Bartlett (1932), stories
Frederic Bartlett’s 1932 book Remembering documents early experiments that explore how using and transmitting a memory can affect the memory’s contents. Bartlett wanted to understand how culture shapes memory. Inspired by Philippe (1897), he performed a series of experiments that asked participants to repeatedly recall a memory or to pass it down a chain of people, from one to the next. Bartlett showed that the process of reproduction alters memories over time, causing them to take on features from an individual’s culture. More generally, the methods he developed expose cumulative effects of the forces that reshape and degrade memories and how they impact the structure and veracity of what we remember.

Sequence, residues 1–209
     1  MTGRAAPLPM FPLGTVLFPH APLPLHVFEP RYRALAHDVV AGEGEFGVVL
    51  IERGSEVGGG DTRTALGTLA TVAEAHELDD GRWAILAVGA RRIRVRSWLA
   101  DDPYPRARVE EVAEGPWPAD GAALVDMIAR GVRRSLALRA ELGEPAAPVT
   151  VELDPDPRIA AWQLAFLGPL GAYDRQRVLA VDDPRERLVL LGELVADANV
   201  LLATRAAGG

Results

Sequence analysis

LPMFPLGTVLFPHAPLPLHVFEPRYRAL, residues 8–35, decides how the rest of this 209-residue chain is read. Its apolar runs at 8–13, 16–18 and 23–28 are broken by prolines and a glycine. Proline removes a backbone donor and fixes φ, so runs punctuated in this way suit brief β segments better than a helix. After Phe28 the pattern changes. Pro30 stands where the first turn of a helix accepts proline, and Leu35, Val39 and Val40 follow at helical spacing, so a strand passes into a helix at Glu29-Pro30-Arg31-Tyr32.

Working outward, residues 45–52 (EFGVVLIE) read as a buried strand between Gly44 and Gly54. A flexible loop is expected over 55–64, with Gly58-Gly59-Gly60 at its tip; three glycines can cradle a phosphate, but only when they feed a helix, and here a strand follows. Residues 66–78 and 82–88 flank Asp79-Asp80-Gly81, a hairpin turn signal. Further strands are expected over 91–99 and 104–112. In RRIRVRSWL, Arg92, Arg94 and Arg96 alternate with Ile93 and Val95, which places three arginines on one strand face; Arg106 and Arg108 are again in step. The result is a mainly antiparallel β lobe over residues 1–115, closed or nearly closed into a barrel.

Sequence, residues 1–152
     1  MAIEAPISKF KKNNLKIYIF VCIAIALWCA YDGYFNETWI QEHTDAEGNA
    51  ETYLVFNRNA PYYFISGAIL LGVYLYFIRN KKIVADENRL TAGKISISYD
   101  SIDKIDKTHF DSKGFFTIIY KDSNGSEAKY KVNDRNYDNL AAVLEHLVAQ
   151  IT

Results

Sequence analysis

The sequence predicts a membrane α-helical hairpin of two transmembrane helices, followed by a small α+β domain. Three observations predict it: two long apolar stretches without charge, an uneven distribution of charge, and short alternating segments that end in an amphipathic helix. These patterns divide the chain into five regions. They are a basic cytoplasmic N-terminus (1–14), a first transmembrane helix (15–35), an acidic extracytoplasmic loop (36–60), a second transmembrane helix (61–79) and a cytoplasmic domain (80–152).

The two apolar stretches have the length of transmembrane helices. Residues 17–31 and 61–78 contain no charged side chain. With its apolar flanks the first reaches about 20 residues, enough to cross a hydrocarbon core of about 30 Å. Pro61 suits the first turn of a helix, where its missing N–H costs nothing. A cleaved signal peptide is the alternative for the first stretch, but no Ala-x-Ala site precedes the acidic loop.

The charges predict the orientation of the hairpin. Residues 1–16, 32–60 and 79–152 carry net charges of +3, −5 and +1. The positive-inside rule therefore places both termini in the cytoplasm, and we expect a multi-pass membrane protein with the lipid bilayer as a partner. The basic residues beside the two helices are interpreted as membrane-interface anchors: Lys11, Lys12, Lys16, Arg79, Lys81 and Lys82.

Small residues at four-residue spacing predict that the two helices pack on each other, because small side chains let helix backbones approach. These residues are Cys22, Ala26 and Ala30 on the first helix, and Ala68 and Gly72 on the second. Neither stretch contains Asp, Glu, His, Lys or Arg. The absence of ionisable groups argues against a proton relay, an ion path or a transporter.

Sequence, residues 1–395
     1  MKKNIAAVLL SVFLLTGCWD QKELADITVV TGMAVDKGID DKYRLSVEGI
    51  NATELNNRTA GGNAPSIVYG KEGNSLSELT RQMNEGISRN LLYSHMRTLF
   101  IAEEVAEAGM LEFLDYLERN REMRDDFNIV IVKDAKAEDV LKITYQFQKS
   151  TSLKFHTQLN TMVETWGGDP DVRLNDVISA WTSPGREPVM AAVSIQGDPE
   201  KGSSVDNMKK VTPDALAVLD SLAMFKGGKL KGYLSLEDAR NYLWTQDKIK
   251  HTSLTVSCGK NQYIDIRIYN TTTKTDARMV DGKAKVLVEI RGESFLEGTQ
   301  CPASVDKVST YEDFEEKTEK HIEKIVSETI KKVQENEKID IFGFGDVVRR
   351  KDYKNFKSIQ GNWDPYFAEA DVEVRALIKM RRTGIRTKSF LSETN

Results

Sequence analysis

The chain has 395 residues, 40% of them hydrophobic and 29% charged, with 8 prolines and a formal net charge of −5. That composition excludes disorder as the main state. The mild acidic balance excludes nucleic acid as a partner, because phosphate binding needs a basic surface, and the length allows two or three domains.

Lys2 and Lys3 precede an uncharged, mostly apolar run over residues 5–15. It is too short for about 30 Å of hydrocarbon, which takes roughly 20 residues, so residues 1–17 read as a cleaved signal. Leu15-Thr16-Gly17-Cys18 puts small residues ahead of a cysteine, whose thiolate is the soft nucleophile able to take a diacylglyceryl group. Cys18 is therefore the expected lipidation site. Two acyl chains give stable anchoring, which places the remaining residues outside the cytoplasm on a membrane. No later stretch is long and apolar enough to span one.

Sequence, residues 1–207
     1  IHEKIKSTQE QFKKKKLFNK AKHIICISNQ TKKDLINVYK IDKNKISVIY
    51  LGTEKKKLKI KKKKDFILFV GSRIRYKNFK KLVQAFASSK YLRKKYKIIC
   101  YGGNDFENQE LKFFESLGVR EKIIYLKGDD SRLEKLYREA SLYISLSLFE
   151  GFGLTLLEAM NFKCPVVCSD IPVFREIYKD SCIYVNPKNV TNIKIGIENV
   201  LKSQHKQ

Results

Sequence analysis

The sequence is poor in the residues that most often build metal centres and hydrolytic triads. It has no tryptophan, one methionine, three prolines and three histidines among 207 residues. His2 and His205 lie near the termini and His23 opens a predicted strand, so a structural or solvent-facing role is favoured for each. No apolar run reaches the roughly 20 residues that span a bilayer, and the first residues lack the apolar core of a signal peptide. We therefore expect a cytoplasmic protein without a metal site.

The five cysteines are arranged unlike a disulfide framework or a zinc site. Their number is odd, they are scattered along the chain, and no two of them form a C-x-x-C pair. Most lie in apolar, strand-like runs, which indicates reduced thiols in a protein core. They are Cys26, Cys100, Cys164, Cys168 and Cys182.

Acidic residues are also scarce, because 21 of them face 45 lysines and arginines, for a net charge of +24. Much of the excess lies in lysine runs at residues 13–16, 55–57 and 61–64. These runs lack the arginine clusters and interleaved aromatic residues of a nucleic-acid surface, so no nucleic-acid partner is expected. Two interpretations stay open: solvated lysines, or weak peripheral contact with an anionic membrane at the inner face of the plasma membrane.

Bartlett, F. C. (1932). Remembering. Cambridge: Cambridge University Press.
In this demo, a story is passed down a chain.